With all this in mind, it is appropriate to take a look at how BX has done most recently. For Q3 2012 it beat on earnings. It reported EPS of $0.55 per share versus an estimate of $0.42 per share. This was far better than the year ago quarter's loss of -$0.34 per share. BX's economic net income similarly outperformed. BX reported economic net income of $621.8 million for Q3 2012. This was up from $212.4 million in the prior quarter and up from an economic loss of -$380.0 million in the year ago quarter. Revenues were also up substantially to $1,223.1 million in Q3 2012 from $124.1 million in the year ago quarter. This also beat estimates. Distributable earnings were $190 million or $0.15 per common unit. That was up 50% from the year ago quarter. BX paid a $0.10 distribution for Q3 2012. BX plans on having a catch-up for distributions following Q4. It has not yet announced exactly what this will be. However, this may be important to those who are considering buying BX. It also means that the 2.48% dividend it currently pays is likely to go up.
To get a more exact idea of how and what one of the segment arms is doing, a summary of the Q3 Credit segment performance is below.
The above is not the end of BX's good growth. Analysts estimate that it will grow 30.40% in FY 2012 and 27.60% in 2013. It currently trades at a PE of 94.50; but its FPE is a much more desirable 7.77. This compares well to competitors. It also means that the distribution/dividend is very likely to increase in the near future. The above are likely reasons analysts have given BX an average recommendation of 1.9 (a buy). Zacks has given it a #1 ranking (a strong buy). CAPS members have given it four stars. In sum BX is a buy, even in this troubled environment.
The two year chart of BX gives some technical direction to this trade.
The slow stochastic sub chart shows that BX is currently overbought. The main chart shows that BX has been in an uptrend since the summer of 2012. Its recent results argue this uptrend should continue. A spike up this week may result in a very near term pullback, but the fundamentals are good. Plus Fact Set says EPS for the S&P 500 Diversified Financial Services sector are estimated to rise +54% year over year on average for Q4. BX is virtually assured to outperform in this "hot" sector. Again it is a buy.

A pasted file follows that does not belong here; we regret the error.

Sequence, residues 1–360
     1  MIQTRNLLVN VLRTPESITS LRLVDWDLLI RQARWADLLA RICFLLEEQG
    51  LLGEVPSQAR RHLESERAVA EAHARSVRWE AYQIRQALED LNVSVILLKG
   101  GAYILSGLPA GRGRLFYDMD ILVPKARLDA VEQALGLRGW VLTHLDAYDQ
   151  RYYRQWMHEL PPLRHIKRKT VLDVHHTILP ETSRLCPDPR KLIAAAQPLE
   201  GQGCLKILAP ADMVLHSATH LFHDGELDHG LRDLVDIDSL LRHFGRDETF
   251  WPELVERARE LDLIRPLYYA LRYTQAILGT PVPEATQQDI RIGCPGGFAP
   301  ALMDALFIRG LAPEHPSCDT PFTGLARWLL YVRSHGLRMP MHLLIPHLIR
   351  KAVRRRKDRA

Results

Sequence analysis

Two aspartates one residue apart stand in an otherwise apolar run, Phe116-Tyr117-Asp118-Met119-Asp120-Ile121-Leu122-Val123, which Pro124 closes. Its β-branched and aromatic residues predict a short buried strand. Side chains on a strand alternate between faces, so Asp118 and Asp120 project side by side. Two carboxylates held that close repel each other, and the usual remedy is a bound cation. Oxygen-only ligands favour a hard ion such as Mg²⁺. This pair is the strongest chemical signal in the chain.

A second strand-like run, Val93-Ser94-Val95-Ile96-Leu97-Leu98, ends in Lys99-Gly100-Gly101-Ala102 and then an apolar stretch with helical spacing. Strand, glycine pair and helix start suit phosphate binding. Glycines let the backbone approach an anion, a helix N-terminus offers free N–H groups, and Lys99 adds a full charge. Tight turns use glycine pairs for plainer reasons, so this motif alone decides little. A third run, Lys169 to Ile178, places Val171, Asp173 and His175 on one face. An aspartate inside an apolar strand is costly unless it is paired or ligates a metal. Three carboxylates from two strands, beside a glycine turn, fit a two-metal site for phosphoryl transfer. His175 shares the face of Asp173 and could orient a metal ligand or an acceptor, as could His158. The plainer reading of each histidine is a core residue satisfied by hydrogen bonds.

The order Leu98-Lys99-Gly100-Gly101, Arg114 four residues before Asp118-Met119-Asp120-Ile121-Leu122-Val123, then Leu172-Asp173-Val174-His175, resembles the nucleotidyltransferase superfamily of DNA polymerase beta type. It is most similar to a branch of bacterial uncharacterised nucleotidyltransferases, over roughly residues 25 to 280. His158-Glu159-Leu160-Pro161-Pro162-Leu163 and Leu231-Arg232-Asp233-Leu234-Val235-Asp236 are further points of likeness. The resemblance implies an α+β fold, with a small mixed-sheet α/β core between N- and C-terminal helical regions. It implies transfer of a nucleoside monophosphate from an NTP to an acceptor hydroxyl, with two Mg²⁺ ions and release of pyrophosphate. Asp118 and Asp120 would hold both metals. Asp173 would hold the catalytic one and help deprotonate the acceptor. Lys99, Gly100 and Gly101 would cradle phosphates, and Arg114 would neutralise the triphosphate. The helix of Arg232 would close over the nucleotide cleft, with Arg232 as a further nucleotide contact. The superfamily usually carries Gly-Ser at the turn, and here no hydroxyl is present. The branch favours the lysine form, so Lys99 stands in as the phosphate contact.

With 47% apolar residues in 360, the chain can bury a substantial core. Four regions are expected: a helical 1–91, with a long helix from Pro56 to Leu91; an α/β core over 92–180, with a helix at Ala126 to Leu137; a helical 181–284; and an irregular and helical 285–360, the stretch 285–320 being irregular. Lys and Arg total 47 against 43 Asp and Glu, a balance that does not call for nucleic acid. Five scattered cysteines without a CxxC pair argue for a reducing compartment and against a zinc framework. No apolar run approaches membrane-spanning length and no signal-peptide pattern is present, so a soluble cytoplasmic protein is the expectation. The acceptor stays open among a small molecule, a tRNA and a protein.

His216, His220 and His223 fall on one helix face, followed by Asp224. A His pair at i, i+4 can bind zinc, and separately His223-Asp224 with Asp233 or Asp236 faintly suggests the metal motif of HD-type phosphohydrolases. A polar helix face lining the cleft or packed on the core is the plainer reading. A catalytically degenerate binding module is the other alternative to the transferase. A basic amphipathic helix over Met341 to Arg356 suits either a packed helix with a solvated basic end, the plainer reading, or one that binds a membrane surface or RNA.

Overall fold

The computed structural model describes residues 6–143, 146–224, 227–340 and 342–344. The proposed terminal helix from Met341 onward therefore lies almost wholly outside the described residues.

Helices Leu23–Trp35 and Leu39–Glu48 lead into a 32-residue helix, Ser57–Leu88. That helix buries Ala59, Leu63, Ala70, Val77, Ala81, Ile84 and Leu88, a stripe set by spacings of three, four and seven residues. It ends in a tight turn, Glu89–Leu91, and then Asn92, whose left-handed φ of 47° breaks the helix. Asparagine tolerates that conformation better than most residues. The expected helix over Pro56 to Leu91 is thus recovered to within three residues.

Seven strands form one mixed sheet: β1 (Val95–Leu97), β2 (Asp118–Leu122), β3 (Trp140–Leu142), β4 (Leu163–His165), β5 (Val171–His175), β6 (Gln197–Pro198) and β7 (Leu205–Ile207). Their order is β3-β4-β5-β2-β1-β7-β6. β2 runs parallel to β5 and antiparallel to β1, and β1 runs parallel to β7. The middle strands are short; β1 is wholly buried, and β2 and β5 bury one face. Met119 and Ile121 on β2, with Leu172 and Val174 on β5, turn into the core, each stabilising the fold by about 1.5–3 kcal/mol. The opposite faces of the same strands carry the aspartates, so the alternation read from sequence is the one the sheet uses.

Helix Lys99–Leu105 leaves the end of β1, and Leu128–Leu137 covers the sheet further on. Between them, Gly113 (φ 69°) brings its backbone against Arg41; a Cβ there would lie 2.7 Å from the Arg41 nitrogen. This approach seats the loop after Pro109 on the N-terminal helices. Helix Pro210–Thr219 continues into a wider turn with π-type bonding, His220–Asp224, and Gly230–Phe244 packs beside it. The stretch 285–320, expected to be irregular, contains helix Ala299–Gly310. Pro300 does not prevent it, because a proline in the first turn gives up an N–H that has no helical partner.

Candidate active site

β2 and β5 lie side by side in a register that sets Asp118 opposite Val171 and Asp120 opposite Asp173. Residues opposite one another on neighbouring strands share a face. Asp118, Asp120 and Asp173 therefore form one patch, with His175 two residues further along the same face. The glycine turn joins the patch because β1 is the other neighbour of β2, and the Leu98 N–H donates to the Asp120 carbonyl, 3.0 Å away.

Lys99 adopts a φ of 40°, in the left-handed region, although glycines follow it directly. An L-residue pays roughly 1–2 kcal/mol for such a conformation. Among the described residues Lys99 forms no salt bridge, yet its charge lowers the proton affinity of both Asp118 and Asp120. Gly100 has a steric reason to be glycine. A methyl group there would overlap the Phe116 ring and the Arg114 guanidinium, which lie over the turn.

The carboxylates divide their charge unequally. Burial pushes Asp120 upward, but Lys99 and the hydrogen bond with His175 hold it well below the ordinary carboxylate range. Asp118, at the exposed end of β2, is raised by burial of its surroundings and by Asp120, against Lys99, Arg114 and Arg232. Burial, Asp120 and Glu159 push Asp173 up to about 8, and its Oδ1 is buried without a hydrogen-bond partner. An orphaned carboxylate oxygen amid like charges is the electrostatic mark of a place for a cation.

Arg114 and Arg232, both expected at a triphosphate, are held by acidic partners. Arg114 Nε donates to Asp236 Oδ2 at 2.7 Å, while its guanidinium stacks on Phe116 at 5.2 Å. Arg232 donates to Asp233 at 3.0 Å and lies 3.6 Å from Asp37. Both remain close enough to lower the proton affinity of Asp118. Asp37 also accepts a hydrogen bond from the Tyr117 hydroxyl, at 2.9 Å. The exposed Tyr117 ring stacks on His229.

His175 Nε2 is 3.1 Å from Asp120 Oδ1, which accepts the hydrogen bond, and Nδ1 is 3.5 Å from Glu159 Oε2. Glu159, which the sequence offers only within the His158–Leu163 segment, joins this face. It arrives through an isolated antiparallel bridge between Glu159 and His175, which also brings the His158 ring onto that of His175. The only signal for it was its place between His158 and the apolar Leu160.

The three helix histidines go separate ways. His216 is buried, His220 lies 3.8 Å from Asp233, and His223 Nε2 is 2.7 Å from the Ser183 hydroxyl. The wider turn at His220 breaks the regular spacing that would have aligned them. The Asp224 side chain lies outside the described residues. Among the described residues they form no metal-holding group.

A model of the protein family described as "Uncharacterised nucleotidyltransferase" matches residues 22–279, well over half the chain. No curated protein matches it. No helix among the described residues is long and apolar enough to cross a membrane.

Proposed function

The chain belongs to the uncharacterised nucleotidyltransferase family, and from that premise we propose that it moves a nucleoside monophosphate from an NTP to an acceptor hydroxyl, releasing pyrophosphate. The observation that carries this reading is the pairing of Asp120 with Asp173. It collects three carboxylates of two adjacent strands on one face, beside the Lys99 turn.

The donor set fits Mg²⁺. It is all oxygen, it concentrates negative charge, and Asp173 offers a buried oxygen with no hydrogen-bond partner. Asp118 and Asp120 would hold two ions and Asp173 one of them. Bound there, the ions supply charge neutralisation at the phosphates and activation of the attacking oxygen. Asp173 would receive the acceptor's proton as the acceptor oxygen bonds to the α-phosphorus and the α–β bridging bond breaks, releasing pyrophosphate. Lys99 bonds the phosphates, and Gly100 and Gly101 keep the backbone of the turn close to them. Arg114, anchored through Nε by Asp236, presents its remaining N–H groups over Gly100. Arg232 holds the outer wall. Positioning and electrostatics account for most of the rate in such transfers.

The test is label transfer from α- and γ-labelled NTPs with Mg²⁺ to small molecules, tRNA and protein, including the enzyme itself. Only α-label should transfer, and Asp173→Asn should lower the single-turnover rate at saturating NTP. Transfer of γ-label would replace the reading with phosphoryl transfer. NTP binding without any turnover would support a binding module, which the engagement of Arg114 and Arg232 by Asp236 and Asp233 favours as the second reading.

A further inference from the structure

The only gotcha is that the overall market could go down. There is still the sequestration issue to be dealt with (put off for two months until March 1, 2013), the entitlement cuts issue, the federal budget deficit limit issue, etc. On top of this there will be more austerity in 2013. The payroll tax cut legislation got axed via the recent fiscal cliff deal. Tax rates were raised on the rich (families making over $450,000 per year). There will be less spending because people will have less discretionary income to spend. The stock market may fall on flat to falling revenues and EPS, and narrower margins. With this in mind, it may be appropriate to average into BX over the next year. If it gets dragged down appreciably with the market, you will still get a good average price for it. If it continues to go up unabated, you will only have to pay slightly more.
Note: Some of the fundamental data above is from Yahoo Finance.
Disclosure: I have no positions in any stocks mentioned, but may initiate a long position in BX over the next 72 hours. I wrote this article myself, and it expresses my own opinions. I am not receiving compensation for it (other than from Seeking Alpha). I have no business relationship with any company whose stock is mentioned in this article.